Human rights groups have criticised the decision by the US government to hold meetings with Bangladesh’s Chief of Army Staff, General Aziz Ahmed, who is currently in Washington on an official visit, following the broadcast of an Al Jazeera documentary claiming him to be at the centre of a network of political and financial corruption.
A US army spokesperson told Netra News that although it was “aware of the allegations” it would still continue to hold its meetings with Ahmed. “The US and Bangladesh armies share a close partnership, characterized by regular combined training exercises, education and training exchanges, and support to UN Peace Keeping Operations,” the spokesperson said.
Brad Adams, Asia Director at Human Rights Watch (HRW) told Netra News, that the US Army’s decision to meet with the head of Bangladesh’s army despite the serious corruption allegations against him, could act as an endorsement of his behavior.
“The kind of meetings that Aziz is having in DC can be used to give him the appearance of legitimacy or it may appear that the US is indifferent or even giving it blessing to the conduct that was reported in the Al Jazeera documentary,” Adams told Netra News.
“HRW has made it clear to the Biden administration that one of the major reforms it should undertake is to avoid meetings with military and police officials who are directly responsible or oversee armed forces that commit serious and grave human rights abuses in which they do not hold those accountable responsible,” he added.
He said that HRW had raised its concerns with the US State Department and the Pentagon about the meeting going forward.
Michael Kugelman, senior associate for South Asia at the Wilson Center also criticised the meetings.
“That is a misguided decision, not just because of the country’s geopolitical value but also because of its extreme democratic backsliding in recent years,” he told Netra News.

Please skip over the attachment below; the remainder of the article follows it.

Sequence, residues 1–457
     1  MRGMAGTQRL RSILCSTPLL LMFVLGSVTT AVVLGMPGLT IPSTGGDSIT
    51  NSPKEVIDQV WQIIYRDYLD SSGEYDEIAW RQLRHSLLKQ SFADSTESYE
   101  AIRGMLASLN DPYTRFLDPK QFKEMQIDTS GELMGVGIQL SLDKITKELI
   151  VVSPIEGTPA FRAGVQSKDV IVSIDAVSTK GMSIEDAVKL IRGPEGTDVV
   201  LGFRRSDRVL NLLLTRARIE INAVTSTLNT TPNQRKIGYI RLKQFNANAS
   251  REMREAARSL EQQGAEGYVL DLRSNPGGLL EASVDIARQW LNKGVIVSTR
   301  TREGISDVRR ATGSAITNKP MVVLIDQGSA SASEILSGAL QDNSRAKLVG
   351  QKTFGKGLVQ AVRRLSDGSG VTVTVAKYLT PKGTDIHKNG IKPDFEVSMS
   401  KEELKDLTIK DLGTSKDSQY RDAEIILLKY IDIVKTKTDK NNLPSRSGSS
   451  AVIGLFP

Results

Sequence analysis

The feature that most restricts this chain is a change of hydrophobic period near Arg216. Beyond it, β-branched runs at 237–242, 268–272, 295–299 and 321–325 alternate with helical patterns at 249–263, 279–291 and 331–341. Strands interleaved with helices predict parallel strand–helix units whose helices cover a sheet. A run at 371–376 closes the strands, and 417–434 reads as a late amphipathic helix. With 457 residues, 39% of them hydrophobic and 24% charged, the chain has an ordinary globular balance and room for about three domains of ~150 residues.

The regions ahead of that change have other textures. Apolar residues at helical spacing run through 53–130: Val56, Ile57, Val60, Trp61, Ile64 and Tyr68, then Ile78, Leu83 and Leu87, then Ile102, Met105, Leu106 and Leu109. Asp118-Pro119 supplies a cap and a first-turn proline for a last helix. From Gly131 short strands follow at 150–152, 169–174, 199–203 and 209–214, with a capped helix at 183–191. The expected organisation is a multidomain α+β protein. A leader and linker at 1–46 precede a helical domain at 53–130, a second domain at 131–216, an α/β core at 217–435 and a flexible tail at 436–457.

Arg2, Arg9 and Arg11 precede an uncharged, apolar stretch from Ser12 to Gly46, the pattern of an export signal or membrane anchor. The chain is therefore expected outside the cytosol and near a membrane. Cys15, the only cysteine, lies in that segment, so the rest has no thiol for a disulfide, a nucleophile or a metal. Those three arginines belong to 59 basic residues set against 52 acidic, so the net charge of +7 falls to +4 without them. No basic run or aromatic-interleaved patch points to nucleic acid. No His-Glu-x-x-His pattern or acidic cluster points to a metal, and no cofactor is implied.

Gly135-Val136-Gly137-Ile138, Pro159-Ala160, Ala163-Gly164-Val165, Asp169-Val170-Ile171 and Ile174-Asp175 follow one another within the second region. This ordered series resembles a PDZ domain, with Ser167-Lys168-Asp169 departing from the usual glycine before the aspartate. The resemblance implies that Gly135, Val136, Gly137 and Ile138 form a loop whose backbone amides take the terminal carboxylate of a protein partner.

He also called on the Biden administration to put Bangladesh “on the front burner,” adding that the administration should be calling out Dhaka for both its crackdowns against political opposition as well as the recent revelations about General Aziz Ahmed.
“In that regard, the optics of this administration — especially in its very early days — hosting meetings with those implicated in these crimes are awkward, at the very least,” he added.
Adams did appreciate that cancelling the meetings might not be an easy decision for the Biden administration to make. “If they were to tell Aziz to go home — they would be challenging Hasina too,” Adams said. “But they should.”
He also pointed out there was no confirmed head of the South Asia department in the State Department making it difficult for officials to make such a big decision, particularly when the film only just been broadcast.
Netra News reached out to the office of Dean Thompson, Acting Assistant Secretary in the Bureau of South and Central Asian Affairs at the state department, but was referred back to the army.
Al Jazeera’s film, which has been viewed on Youtube over 3 million times since it was broadcast on February 1st, revealed multiple layers of corruption alleging that General Aziz Ahmed was involved in hiding two fugitive murderers, money laundering and falsifying documents to help one of his criminally convicted brothers escape the country and set up businesses in Europe.
The government has criticised the Al Jazeera documentary claiming in a press statement that it was “false and defamatory”, containing “a misleading series of innuendos and insinuations” and was a “politically motivated ‘smear campaign.’” It however did not point to any factual inaccuracies.
In Dhaka, the initial silence in the media about the allegations in the story appears to be slowly breaking with some recent reporting in the New Age. The Daily Star and The Dhaka Tribune have also written editorials tiptoeing around reporting on the claims in the film, resorting to questions about press freedom in the country.
“A central role for a free press is to write about the government, including exposing wrongdoing. This is an essential component of a functioning democracy,” Steven Butler, Asia Program Coordinator at the Committee to Protect Journalists told Netra News. “The fact that local media does not feel free to report on high-level corruption suggests that this crucial element of the democratic process is not functioning as it should.”●